NHL Entry Draft Notebook
Even on day two of the NHL Draft, teams get
guys they covet
Nate Ewell and Mike Eidelbes
– While sitting through the second day can
be a harrowing experience for players, it’s a place
where teams can find great value.
went to bed Saturday night, they reevaluated their draft boards
and identified the best remaining players. Some of them, like
Maine's Mike Lundin, didn't last long on day two. He was taken
by Tampa Bay with the fourth pick of the fourth round.
But even players
like Matt Christie, who wasn't picked until Anaheim called his
name in the eighth round, were coveted by the teams that drafted
Christie is a great player," said David McNab, the Ducks
assistant general manager, who likened Christie to two recent
Hobey Baker finalists. "I don't really see any difference
between he and Chris Kunitz as a freshman. To me, that's the comparison.
He was as good as [Derek] Edwardson this year, and he was a Hobey
on a player like the 5-foot-10 Christie, who might have been seen
as too small by some teams, is what the second day of the draft
is all about, according to McNab.
second day, everyone has an opportunity to get guys they like,"
McNab said. "You'll get guys you have rated pretty high,
when other teams are wondering what you're doing, because everyone
rates guys differently."
second-day collegians taken looked like they could prove to be
valuable selections. Thirteen picks after Lundin was taken, the
Islanders tabbed Notre Dame defenseman Wes O’Neill, projected
by many as a top-50 selection. O’Neill’s teammate,
goaltender David Brown, went to Pittsburgh with the first pick
in the eighth round and the Penguins used the first pick in round
nine to grab Brown’s talented Brian Inhacak.
said head scout Greg Malone, are less worried about rankings and
more about selecting the right players, which they feel they've
found in Brown and Ihnacak.
thing about our organization is it doesn’t matter where
ranked," Malone said. "They all get thrown in the hat.
These kids have to go out and prove themselves and the best kids
are the one who are going to end up getting contracts and being
on your team."
Malone need only look across his dining room table to see hard
evidence of the Penguins' philosophy. His son, Ryan, one of the
NHL's top rookie scorers last season, was the 115th overall pick
EARL, DRAFT ANALYST
forward Robbie Earl didn’t need a Maple Leafs official to
praise his skills effusively. The self-described “crowd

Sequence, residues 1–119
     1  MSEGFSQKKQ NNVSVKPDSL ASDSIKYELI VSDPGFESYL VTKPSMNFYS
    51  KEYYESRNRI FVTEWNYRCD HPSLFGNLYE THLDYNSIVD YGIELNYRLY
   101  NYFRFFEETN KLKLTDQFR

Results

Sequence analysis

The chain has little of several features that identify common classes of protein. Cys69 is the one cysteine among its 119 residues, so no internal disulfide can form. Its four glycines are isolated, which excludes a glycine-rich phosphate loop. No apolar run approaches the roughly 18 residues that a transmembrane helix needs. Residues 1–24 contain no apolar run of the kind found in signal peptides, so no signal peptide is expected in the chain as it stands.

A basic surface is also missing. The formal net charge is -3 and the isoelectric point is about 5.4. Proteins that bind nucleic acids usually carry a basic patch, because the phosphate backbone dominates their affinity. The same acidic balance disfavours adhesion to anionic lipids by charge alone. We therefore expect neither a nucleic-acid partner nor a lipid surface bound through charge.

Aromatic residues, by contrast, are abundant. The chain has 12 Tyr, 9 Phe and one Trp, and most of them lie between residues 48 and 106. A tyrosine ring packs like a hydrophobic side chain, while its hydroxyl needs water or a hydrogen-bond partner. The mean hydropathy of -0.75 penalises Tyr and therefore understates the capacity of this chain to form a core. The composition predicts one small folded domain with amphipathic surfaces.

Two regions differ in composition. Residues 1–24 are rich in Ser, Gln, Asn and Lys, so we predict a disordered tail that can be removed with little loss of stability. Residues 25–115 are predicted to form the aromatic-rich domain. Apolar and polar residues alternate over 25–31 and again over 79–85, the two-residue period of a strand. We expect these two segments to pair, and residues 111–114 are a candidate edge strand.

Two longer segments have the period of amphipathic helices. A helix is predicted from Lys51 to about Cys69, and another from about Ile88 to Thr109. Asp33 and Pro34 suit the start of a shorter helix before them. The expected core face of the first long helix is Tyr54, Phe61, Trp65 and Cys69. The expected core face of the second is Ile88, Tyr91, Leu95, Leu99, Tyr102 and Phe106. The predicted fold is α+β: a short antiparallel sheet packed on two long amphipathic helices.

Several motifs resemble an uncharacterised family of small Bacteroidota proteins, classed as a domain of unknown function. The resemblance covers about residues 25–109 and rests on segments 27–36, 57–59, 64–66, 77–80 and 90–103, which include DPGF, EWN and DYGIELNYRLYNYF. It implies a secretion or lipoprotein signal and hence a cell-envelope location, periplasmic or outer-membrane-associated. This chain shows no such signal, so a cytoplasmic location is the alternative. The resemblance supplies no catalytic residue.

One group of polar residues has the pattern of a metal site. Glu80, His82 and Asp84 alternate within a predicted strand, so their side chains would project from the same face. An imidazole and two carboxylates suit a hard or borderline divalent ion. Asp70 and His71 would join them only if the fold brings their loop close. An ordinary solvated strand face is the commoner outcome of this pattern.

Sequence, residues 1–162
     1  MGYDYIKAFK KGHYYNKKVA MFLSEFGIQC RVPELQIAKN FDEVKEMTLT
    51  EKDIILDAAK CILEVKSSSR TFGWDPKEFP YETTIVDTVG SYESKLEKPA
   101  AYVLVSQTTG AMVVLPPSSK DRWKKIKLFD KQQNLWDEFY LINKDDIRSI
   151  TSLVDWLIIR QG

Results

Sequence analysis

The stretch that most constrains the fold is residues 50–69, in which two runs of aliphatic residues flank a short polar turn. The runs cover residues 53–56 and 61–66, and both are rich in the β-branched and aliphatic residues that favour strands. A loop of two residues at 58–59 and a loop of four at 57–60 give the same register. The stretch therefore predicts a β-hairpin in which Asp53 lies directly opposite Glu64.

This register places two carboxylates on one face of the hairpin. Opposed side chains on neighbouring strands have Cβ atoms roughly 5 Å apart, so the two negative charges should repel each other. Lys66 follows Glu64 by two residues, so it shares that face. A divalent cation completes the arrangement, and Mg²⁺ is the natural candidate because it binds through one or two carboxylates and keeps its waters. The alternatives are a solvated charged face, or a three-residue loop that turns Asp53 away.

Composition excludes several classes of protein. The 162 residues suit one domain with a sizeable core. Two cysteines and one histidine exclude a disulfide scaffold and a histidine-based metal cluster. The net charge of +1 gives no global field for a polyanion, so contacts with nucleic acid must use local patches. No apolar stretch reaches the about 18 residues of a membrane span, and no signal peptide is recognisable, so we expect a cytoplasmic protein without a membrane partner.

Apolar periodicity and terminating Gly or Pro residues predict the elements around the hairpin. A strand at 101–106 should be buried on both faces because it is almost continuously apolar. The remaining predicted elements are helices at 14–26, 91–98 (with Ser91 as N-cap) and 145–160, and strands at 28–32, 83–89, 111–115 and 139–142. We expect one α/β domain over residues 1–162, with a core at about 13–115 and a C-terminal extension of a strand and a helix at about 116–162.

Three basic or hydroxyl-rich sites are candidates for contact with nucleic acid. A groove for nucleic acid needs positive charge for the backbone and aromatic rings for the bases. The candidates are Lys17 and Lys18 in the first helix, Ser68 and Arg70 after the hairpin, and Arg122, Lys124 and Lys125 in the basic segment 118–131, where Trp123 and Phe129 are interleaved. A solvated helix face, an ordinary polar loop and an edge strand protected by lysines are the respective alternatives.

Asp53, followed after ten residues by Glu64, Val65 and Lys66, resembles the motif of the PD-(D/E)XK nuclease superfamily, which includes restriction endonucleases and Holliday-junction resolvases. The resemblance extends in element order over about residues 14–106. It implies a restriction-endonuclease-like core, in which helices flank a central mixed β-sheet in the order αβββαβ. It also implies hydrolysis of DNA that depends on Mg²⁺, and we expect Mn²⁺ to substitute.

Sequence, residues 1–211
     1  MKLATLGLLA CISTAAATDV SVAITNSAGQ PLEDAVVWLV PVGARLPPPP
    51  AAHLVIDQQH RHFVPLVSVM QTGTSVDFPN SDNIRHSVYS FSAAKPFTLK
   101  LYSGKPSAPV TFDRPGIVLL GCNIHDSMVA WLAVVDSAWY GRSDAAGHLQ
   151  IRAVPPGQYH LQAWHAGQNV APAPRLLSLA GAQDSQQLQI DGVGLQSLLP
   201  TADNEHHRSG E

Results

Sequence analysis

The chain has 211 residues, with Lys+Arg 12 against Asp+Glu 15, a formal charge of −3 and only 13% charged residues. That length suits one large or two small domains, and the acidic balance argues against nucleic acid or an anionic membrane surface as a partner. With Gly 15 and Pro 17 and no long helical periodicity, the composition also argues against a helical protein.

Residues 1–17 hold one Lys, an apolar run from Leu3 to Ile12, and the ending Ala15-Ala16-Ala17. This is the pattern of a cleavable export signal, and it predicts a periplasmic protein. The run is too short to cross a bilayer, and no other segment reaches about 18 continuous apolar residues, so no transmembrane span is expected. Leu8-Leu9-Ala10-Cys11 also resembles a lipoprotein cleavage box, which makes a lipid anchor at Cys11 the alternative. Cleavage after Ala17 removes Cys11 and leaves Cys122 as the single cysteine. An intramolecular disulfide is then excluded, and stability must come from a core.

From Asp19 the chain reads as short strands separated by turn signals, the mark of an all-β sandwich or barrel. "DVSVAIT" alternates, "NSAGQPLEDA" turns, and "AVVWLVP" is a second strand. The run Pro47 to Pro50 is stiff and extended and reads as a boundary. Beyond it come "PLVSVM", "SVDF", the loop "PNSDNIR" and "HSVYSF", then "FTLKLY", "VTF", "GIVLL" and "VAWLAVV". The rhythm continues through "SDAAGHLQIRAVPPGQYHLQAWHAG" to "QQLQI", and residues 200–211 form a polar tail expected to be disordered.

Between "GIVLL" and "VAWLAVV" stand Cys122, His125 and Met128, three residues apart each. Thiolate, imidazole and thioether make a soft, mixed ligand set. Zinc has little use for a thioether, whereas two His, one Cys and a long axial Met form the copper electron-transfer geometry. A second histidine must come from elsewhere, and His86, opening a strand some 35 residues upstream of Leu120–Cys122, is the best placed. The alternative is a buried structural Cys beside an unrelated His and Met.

pleaser” compared his game to that of Pavel Bure and complimented
Toronto’s scouting staff for making an astute selection.
I have first-day [rounds 1-3] potential and I think Toronto definitely
got a steal here,” Earl said. “Congratulations to
AND HEARD ON THE DRAFT FLOOR
Lowell forward Ben Walter chats with Mike O'Connell and the
Bruins brain trust, after they picked him in the fifth round.
Wisconsin goaltender David McNab, now the assistant general manager
for the Anaheim Mighty Ducks, saw his team select two Badgers
in the draft: Kyle Klubertanz and Matt Auffrey.
however, that he wasn't favoring his alma mater, except when it
comes to the finer points of Madison.
just happened to be going to Wisconsin," McNab said. "I
think our scouts heard me talking about State Street all the time,
and they probably wanted an excuse to visit."
Lowell forward Ben Walter isn't doing anything to limit the high
expectations the Riverhawks have for this season.
hockey program at UMass Lowell is really taking off," he
said. "We're only losing one senior and expectations are
going to be high. We're going to do everything we can to win a
can't wait for the Frozen Four – not that the city doesn't
have other events to look forward to.
really excited for it," Blue Jackets general manager Doug
MacLean said. "It's great for Ohio State hockey and great
for the city of Columbus. With that and the World Cup, we've got
two big events coming to town ... and we've got Norah Jones coming
to Nationwide in August."
Vice President of Hockey Operations and Head Scout for the Edmonton Oilers, Kevin Prendergast,
has always been supportive of college hockey, and he loves what
he sees in the college game today.
are getting a little older going into school, and that's helping
the game," Prendergast said. "The USHL has gotten so
good, and the talent pool has gotten really big. There were great
playoffs this year, really in every conference."
general manager Don Waddell offered some music to Michigan State
fans' ears in regards to 2002 top pick Jim Slater.
him a lot this year, and I saw him play," said Waddell, a
former star defenseman at Northern Michigan. "I still think
his development is better off if he stays in school another year."
Los Angeles Kings are going global. In the eighth round they tabbed
Yutaka Fukufuji, the goaltender of the Japanese national team.
Looks like another area for college assistant coaches to start
ECAC, much maligned as the weakest of the "big four"
college conferences, had a good weekend. Sixteen current or future
ECAC players were selected, one more than Hockey East.
New York Rangers and Columbus Blue Jackets called eighth- and
ninth-round time outs, a sure-fire way to feel the wrath of a
weary crowd. At least the Jackets used their extra time to settle
on a college player, Clarkson-bound Grant Clitsome.